Invicta Ove 10kW Wood-Burning Stove

The humble egg provided the inspiration for some midcentury design classics, not least Arne Jacobsen’s iconic Egg chair. Continuing that trend is the Invicta Over, a large and spectacular feature stove incorporating a beautiful rounded design and oval glass window. Have a closer look.

Invicta Luna 10kW Wood-Burning Stove

With its tall legs and curved lines, the Invicta Luna has a distinctly midcentury aesthetic. Unlike a console table or desk that might also match that description, it comes with the benefit that it pumps 10kW of heat into your home. Have a closer look.

Invicta Ch’ti Poele 8 kW Wood-Burning Stove

The Invicta Ch’ti Poele boasts an unusual design that is very much in-keeping with the geometric shapes that dominates much midcentury design. The asymmetry gives an eye-catching look that is somehow retro and contemporary simultaneously. Have a closer look.

Invicta Alcande 6kW Wood-Burning Stove

Another woodburner that looks like it has come straight out of the 1960s. The rounded capsule style stove body is very Space Age, while the legs would not be out of place on a piece of Scandinavian furniture. Have a closer look.

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What is a riddling grate?

A riddling grate is a grate featuring a mechanism that allows the bars of the grate to be moved.

The benefit of this is that the bars to be tilted to allow ashes to be tipped directly into the ashpan without you having to worry about facilitating that particular journey.

A riddling grate will be found on a multi-fuel stove, rather than a wood-burning stove. Wood burns best on a flat bed of ashes, so many wood-burning stoves do not incorporate a grate or an ashpan. Please note: other woodburners are designed to have a grate – often a non-riddling grate – so if you have an appliance that has a grate it is important that you continue to use one.

Many modern multi-fuel stoves will have an externally controlled ridding grate, which is even handier for the user. With the mechanism to move the grate bars accessible via a handle on the outside of the stove body, ashes can be tipped into the ashpan without the need to even have the door open. That helps with limiting the amount of dust that gets into the room, but its key benefit comes when the stove is in use…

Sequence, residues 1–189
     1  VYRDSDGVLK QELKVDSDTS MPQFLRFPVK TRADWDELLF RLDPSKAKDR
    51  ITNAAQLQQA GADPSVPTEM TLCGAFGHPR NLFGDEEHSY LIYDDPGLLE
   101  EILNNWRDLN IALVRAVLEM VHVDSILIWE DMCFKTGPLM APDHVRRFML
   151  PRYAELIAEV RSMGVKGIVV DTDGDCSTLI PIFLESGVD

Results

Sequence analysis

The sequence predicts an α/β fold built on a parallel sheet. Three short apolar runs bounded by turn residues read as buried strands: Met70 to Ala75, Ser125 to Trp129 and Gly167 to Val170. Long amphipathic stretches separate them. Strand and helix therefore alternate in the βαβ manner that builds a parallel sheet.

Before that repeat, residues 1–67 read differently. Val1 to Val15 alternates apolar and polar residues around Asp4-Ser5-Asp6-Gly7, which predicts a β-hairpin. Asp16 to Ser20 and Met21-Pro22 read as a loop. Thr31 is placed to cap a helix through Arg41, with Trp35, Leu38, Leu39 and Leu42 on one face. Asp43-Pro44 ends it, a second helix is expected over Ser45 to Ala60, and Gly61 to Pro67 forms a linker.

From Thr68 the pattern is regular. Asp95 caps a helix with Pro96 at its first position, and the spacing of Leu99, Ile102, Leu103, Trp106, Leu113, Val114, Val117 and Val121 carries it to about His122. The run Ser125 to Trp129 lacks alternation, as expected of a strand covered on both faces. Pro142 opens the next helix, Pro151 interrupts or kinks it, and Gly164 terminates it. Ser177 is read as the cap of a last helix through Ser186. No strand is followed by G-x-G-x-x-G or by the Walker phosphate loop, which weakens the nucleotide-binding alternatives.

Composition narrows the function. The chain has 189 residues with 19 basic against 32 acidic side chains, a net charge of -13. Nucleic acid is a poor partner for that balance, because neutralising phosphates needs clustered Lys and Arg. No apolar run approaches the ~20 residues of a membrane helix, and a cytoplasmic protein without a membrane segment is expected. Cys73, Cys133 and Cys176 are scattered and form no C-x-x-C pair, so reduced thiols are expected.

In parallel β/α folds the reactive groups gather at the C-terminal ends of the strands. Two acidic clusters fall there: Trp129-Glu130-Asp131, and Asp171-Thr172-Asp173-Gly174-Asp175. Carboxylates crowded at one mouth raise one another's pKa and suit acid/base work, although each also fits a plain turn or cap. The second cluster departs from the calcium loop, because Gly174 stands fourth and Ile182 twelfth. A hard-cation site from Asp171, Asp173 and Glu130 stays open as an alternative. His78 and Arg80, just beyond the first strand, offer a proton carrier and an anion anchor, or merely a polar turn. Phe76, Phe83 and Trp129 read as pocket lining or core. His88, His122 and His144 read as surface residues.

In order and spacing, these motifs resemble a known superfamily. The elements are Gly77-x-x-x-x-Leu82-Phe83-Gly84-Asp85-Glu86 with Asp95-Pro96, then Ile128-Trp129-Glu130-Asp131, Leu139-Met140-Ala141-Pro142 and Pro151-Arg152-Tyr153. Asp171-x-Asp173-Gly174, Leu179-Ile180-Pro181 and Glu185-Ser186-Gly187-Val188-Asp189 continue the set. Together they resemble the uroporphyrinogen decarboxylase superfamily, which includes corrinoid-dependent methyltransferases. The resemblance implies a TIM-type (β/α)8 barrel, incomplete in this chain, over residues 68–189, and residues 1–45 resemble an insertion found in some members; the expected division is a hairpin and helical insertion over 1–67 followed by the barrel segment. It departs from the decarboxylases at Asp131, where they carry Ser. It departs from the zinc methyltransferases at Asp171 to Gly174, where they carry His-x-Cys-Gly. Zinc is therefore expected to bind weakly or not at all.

Smokeless coal, which is the type of coal that should be used on multi-fuel stove, burns best when there is a good supply of air from beneath. This air supply could become limited if cinders and ashes start to block the gaps between the bars. You can immediate alleviate this problem by riddling the grate and clearing some of the ashes. This task is much easier to accomplish with the aid of the external controls, which can be easily used with the aid of a stove glove and avoid the need to access anything inside the firebox.

More wood-burning and multi-fuel stove jargon-busting here.

Woodburners to match 2017 interior design trends

Are you redecorating your home this year? If you renovations include installing a wood-burning stove, here are some examples of appliances that work well with some of the most popular 2017 interior design trends.

Jungalow

Invicta Modena 12 kW Yellow Enamel Wood Burning Stove

The jungalow trend is all about bringing a tropical look into your domestic settings. There’s a little bit of Palm Springs, a little bit of Ibiza and lots of plants and animals involved. Something like the Invicta Modena 12 kW in yellow animal ought to match a tropical palette and sit nicely alongside your ferns, crocodiles and other exotic finishing touches. Have a closer look.

Greens

Carron 4.7 kW Green Enamel DEFRA Multi-Fuel Stove
Carron Green Wood Burning Stove
Green is tipped as the must-have colour for 2017. The colour specialists at Pantone, plus a host of interior design experts, are preaching that leafy tones are the ones to go for. If you’re following that trend, the dark green enamel finish on this Carron appliance should be very much in-keeping with your room. It’s an DEFRA exempt appliance, which means it can be used in smoke control areas. Have a closer look.

Art deco opulence

Invicta Ove 10 kW Wood Burning Stove

Opulence is in for 2017, but in the form of classic art deco looks rather than brash nouveau riche decor. That means soft shapes and gentle curves aplenty, which makes the Invicta Ove the perfect woodburner to complement the look. A grand design feature in its own right, it also benefits from that curvaceous body and rounded glass window. Have a closer look.

Carron Dante 5 kW Black Enamel DEFRA Multi Fuel Stove
Carron Dante Wood Burner
If the Invicta Ove is a bit too big, in stature or heat output, for your requirements, the Carron Dante would make an excellent alternative. It too boasts an art deco inspired curved design. A flat front gives way to the gentle curves of the stove body and its base to create a sort of half-cylinder look. Very on trend. Have a closer look.

Geometric

Invicta Ch’ti Poele 8 kW Wood Burning Stove

In contrast to the curves of the art deco look, another interior design trend for 2017 is the geometric look. If points, angles and triangular shapes are what you’re looking for, look no further than the gloriously asymmetrical Invicta Ch’ti Poele 8 kW Wood Burning Stove. It works equally well if you’re continuing last year’s industrial chic. Have a closer look.

Not found what you wanted? Click here to see more stoves.